Griffin on Tech: Hipkins talks up a clean, green tech-driven economy, but is it too little too late?
The political parties faced the business community in Auckland this week outlining their plans to breathe new life into a stagnant economy.
According to BusinessDesk editor Pattrick Smellie, James Shaw was thoroughly impressive, Chris Luxon was the “most prime ministerial, delivering a slick 15-minute pitch”, and Chris Hipkins simply “ran through his travel itinerary this year and the government’s record of keeping the economy alive through covid”.
But if you look at Labour’s economic policy released this week, it sounds like one that leaders in the tech sector have been urging the Government to do since it came into office. Labour wants to “turn New Zealand into a Centre of Excellence for sustainable agriculture and agricultural technology”, be a global leader in renewable energy, and “harness New Zealand’s digital creativity and expertise”.
Labour’s economic policy will be backed by “high paying jobs”, building infrastructure that lasts, and “better skills and practical education for better jobs”. All of this, says Hipkins, will grow our export-led economy.
An $8 billion target
It all sounds impressive. A bigger focus on agritech makes sense, though the ambitious target of lifting the sector’s value from $1.6 billion to $8 billion by 2030 seems like a big stretch. Labour will add $100 million to the Venture Capital Fund to seed investments in agritech startups, including through a partnership with Finistere Ventures. But we really needed to have scaled up investment and targeted activity in this space years ago to see it become such a big economic contributor by the end of the decade. People in agritech tell me that the skills shortage in that space is particularly intense.
More nebulous is the plan to “harness digital creativity and expertise”. How exactly Labour plans to do that isn’t clear - it will point to the Digital Industry Transformation Plan, but precious little of that has been executed yet. High-paying jobs, and better skills - the knowledge economy is the answer to those priorities while reducing our reliance on commodity exports. Labour chose the last day of Parliament to introduce its digital services tax bill, which may never see the light of day now.
But Hipkins's speech this year is one that should have been delivered by Jacinda Ardern in the run-up to the 2020 election. That’s when many other countries around the world were looking beyond the pandemic to the digital economy, and making strategic investments in infrastructure and skills development to support it. Labour was light on that and now its vision for the economy rings a bit hollow.
In a play that could be inspired by its curmudgeonly tech columnist John Naughton, The Guardian has opted to block OpenAI’s web crawler from accessing its website. That means no future access to the news outlets' articles to feed ChatGPT from here on in. OpenAI has already crawled the entire website and thousands of others, without permission, to feed its large language models, so the horse has already bolted when it comes to the majority of content.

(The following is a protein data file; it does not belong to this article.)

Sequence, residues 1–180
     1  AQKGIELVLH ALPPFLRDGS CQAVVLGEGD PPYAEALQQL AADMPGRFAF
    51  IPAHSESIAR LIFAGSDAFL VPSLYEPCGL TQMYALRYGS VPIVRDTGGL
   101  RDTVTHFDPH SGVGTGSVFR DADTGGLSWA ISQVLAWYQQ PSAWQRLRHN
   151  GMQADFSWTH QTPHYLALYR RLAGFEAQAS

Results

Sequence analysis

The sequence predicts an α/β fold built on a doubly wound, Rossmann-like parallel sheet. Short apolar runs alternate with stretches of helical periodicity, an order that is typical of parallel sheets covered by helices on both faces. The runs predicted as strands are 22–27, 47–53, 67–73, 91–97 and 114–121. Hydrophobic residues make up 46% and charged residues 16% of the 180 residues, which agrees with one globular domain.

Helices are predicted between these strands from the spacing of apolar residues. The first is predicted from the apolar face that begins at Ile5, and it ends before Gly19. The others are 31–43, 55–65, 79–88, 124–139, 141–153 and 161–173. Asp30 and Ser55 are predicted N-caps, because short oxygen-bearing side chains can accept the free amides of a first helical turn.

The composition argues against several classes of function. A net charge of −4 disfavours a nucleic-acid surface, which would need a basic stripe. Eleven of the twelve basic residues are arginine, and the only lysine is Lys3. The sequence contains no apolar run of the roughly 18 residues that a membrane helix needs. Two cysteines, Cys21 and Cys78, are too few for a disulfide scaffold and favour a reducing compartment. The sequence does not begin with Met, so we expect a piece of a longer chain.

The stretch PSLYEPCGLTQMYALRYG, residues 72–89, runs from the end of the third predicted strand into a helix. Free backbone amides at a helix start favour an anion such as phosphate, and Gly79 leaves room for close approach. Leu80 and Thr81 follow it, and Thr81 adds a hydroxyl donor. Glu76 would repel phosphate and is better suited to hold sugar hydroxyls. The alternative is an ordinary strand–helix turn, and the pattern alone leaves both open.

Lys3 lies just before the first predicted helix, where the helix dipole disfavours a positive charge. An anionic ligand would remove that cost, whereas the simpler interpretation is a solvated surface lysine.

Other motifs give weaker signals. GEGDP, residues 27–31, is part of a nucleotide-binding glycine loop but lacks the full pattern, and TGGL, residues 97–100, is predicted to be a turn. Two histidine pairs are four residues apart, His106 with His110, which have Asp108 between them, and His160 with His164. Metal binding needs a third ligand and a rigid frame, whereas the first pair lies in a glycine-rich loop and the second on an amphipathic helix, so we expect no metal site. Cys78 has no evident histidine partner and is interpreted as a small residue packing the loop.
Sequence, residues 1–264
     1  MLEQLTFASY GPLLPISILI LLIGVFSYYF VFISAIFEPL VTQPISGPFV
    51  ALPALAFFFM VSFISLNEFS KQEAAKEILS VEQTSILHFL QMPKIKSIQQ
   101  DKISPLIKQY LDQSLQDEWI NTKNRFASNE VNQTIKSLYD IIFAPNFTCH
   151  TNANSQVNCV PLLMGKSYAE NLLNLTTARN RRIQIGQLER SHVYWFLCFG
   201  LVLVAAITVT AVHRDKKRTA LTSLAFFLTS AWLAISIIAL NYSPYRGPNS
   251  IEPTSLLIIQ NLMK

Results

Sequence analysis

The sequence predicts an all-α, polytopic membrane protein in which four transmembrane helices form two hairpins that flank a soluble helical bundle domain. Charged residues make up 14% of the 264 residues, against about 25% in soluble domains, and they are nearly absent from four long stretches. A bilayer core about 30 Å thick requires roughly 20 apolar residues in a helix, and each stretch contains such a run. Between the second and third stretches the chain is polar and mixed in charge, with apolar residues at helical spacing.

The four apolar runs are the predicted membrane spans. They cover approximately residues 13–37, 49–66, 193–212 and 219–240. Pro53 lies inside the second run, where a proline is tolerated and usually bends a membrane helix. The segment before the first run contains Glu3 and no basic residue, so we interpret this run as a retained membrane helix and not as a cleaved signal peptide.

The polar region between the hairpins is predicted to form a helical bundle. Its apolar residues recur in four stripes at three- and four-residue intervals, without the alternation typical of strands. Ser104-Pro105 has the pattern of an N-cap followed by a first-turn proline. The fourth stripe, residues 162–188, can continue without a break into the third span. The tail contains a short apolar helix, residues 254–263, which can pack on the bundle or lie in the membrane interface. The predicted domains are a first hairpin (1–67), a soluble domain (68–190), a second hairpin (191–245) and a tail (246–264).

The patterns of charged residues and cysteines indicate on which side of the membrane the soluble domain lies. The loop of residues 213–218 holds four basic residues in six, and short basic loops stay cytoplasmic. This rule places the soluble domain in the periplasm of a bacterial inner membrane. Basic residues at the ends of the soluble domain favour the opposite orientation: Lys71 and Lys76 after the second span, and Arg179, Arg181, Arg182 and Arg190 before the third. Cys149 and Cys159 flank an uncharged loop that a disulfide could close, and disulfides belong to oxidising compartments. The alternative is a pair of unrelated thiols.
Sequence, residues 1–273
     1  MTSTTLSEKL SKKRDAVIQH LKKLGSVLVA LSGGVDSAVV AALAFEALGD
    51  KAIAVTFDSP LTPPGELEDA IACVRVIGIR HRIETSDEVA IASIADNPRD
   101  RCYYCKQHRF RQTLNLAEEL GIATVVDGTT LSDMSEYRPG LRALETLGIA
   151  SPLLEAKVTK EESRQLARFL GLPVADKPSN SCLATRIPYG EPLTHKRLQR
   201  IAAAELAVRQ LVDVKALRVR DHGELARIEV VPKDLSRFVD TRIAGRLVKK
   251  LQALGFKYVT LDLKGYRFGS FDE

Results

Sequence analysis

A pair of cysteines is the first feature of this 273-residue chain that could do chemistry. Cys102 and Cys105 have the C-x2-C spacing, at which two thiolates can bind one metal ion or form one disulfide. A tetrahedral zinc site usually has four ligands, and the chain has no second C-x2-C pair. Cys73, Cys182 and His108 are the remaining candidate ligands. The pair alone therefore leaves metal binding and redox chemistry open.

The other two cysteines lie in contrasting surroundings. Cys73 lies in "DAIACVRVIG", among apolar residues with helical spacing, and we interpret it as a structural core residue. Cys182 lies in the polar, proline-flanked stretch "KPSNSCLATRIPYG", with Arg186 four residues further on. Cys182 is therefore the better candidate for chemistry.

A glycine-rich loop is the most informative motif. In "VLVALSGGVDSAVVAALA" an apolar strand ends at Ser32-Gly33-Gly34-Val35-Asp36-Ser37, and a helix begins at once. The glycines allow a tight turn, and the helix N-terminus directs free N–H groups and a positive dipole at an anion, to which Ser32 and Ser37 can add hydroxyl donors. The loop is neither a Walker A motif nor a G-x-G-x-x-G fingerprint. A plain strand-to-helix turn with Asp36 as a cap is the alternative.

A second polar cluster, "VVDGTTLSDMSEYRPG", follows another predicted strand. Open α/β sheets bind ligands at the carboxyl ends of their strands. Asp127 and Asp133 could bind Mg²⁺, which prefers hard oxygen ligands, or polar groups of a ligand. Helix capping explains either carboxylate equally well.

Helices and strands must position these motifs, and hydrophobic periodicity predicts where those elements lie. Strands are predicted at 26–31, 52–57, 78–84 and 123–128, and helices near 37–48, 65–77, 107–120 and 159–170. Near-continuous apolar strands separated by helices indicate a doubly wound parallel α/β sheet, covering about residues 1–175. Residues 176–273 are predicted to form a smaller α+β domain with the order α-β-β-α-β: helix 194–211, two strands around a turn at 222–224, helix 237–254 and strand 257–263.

But OpenAI knows that for its future generative AI products, access to quality, up-to-date information is important. It created its GPTBot crawler after the fact to appease website owners unhappy at the wholesale scraping of their content to feed into ChatGPT. The Guardian now joins CNN, Reuters, the Washington Post, Bloomberg, and the New York Times in blocking GPTBot on the grounds that the scraping is contrary to their terms of service.
“The Guardian’s commercial licensing team has many mutually beneficial commercial relationships with developers around the world, and looks forward to building further such relationships in the future,” the media company concluded.
This will mirror the tense stand-off between social media platforms and news publishers.
I like that the media outlets are taking a stand - but look at the list of those opting out of GPTBot - all liberal news outlets. If they are concerned about the rise of disinformation, are they exacerbating the problem by excluding themselves from ChatGPT? Will Fox News, the Daily Mail, and the host of rightwing US outlets that have popped up in recent years, skew generative AI answers their way?
“I feel the Guardian has shot itself in the foot by banning ChatGPT from scraping its website. In doing so, it has put short-term commercial considerations ahead of its tradition of campaigning for truth and justice,” Guardian reader Paul Sawbridge wrote on the newspaper’s letters page.
He’s got a point, but I still like the fact the news industry is refusing to bow at the altar of Sam Altman. They should collaborate to build their own NewsGPT service instead.
Finally, I really enjoyed my chat this week on The Business of Tech this week with Malcolm Harris, the author of an epic 720-page history of Palo Alto: A History of California, Capitalism, and the World, the town at the centre of Silicon Valley.
It’s not your usually sentimental - Pirates of Silicon Valley-style tale. It paints a very dark picture of that area of California, from its European settlement to the tech titans of today. I didn’t agree with everything Harris wrote, but it's the most thought-provoking thing I’ve read all year.
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